Can't wrap my head around buffers (1 Viewer)

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Let's keep things simple. I have pure water. pH = 7.
I want to add a buffer. I add the weak acid. It dissociates little. So the pH is still close to neutral. So far so good.

The problem is, we are also adding conjugate base (the conjugate base is strong). Why doesn't the added base consume the H+ in the water, thus increasing the pH?

In other words, I am confused, because in the process of making a buffer, we are screwing with the original pH. Am I missing something?
 

Borek

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You choose amounts of the acid and its conjugate base so that the final pH is what you need.
 

Merlin3189

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... . I have pure water. pH = 7.
I want to add a buffer. I add the weak acid (such as H Actetate.) It dissociates little. So the pH is still close to neutral (or close to the pH of a weak ACID.) So far so good.

The problem is, we are also adding conjugate base (acetate ion) (the conjugate base is strong). Why doesn't the added base consume the H+ in the water, thus increasing the pH? ....
You only have Ac- ions when HAc molecules have dissociated into H+ and Ac- ions. So for every Ac- ion in solution, you have already produced one extra H+ ion. If you say the Ac- ions are mopping up the H+ ions, to form HAc molecules, then you are saying the HAc does not dissociate at all and leaves the water neutral.

When you add a weak acid to water, you don't get a nearly neutral solution, you get a weakly acid solution. The clue is in the name.
If, when you added HAc to water, it did (by some utterly improbable chance) completely dissociate, then it would be a strong acid and pH would zip down to 1. But Ac- ions would, as you say, grab protons and hang onto them, bringing the equilibrium back to the point where pH is that of a weak acid.

When you have your weak acid equilibrium (HAc ⇔ H+ + Ac- ), if you were to add a small amount of stronger acid, you add more H+ ions upsetting the equilibrium The Ac- ions do grab some of the excess H+, so the pH doesn't get so acid as it would if the stronger acid had been added to pure water.
Equally, if you add some OH- ions from some alkali, then they remove H+ ions again upsetting the acetate equilibrium, so more HAc dissociates giving H+ ions and stopping the pH from going as alkaline as it would have.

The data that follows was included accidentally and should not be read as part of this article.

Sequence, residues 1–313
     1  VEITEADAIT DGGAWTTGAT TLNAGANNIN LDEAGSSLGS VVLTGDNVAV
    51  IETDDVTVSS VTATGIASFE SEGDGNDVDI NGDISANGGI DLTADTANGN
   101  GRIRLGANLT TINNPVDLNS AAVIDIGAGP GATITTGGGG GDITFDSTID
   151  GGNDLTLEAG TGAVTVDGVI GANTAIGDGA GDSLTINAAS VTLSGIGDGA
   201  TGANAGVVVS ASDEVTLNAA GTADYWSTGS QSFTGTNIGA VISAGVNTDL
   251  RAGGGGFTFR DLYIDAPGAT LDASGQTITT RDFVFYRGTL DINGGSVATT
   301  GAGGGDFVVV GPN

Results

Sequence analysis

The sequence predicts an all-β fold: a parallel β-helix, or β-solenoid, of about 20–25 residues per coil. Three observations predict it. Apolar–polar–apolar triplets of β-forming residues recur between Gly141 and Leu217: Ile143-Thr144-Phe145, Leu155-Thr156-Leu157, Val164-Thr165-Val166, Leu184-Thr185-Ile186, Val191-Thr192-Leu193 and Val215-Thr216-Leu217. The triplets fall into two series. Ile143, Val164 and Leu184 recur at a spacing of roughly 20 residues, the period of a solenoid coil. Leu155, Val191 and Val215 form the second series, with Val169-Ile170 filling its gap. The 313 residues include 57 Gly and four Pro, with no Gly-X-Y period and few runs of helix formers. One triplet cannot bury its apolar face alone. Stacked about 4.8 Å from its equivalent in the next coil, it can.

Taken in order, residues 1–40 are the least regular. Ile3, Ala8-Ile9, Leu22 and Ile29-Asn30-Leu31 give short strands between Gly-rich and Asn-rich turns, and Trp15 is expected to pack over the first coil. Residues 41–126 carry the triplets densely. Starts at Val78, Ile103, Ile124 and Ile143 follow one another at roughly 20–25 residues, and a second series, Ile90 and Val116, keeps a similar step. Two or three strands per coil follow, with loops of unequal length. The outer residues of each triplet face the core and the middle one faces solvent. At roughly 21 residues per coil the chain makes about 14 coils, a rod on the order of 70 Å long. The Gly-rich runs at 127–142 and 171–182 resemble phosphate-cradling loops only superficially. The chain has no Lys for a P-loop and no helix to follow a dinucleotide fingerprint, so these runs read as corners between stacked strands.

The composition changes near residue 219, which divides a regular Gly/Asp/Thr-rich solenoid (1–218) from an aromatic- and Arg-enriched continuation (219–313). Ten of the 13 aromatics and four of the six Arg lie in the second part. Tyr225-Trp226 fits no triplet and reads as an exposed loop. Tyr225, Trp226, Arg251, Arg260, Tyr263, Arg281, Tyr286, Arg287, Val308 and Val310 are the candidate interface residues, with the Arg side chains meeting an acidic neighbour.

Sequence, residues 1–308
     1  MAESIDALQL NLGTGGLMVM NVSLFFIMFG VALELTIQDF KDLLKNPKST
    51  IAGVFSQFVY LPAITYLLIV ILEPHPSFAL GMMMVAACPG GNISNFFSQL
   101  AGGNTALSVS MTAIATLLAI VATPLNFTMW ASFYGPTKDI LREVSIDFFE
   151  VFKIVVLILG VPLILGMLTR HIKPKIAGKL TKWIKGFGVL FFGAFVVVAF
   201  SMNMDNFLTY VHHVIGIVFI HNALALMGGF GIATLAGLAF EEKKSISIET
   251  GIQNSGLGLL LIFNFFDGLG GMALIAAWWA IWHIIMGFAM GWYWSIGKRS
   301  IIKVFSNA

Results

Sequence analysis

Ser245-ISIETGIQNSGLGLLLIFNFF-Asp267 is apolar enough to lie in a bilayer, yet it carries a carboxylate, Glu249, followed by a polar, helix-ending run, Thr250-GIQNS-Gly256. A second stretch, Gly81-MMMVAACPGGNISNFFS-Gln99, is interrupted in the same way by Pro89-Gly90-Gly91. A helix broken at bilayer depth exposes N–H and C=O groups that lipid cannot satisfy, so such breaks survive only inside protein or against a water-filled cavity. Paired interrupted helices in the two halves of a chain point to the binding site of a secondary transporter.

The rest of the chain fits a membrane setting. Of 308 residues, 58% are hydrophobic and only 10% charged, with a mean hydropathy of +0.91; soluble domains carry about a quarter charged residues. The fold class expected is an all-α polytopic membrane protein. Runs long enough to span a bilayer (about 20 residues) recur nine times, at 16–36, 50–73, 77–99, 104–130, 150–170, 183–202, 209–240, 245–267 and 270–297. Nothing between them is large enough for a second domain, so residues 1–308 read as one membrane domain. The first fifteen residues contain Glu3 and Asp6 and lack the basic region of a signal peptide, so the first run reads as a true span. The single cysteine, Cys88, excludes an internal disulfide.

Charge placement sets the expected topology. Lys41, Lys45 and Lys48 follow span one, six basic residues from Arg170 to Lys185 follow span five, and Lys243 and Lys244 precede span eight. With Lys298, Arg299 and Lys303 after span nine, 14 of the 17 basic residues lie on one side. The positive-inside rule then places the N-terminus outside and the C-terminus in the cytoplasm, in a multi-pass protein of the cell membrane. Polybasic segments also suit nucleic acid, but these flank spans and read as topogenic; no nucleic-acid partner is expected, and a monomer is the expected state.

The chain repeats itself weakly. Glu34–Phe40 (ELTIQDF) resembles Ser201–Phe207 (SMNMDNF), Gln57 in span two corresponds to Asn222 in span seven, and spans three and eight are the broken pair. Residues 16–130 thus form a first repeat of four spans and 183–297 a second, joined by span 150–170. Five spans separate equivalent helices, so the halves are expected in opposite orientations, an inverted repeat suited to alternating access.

That's the role of the buffer, to put the brakes on and oppose changes in pH a little bit.
 

James Pelezo

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When you have your weak acid equilibrium (HAc ⇔ H+ + Ac- ), if you were to add a small amount of stronger acid, you add more H+ ions upsetting the equilibrium The Ac- ions do grab some of the excess H+, so the pH doesn't get so acid as it would if the stronger acid had been added to pure water.
Equally, if you add some OH- ions from some alkali, then they remove H+ ions again upsetting the acetate equilibrium, so more HAc dissociates giving H+ ions and stopping the pH from going as alkaline as it would have.

With respect, you seem to be missing the conjugate base in your comment. Just depending on the shift of the weak acid (or, weak base) ionization on additions of H+ or OH- will not provide the buffer effect. A common ion (or common ion system) must be in the weak electrolyte solution also so as to inhibit shifting of pH values due to weak electrolyte ionization limitations. By definition, a buffer is a weak electrolyte (wk acid or wk base) plus the salt of the weak electrolyte (providing the common ion).

Example: compare the change in pH of HOAc as a 0.10MHOAc(aq) + 0.01MHCl(aq) solution; Ka(HOAc) = 1.85 x 10-5 @25oC, to change in pH on addition of 0.01MHCl(aq) to a 0.10MHOAc(aq)/0.10MNaOAc(aq) solution under same conditions.

pH(0.10M HOAc@25oC) = 4.73 ... If adding 0.01MHCl(aq) to 0.10MHOAc@25oC => pH = 3.73 => ΔpH = 3.73 - 4.73 = -1.00

pH(0.10MHOAc/0.10MNaOAc)@25oC = 4.73 ... If adding 0.01MHCl(aq) to this soln @25oC => pH = 4.64 (limited ioniz'n) => ΔpH = 4.64 - 4.73 = -0.09

A drop of -1.00 without OAc- ion vs -0.09 with OAc- ion in HOAc solution. The limited change is due to the common ion effect, in this example, the acetate ion (or, conj. base). Without the common ion, pH changes are dependent on amount of H+ added. A shift in the ionization equilibrium toward HOAc does occur due to excess H+, but is NOT a new equilibrium for HOAC <=> H+ + OAc- due to the chemistry of the common ion effect required in the buffering process.

 

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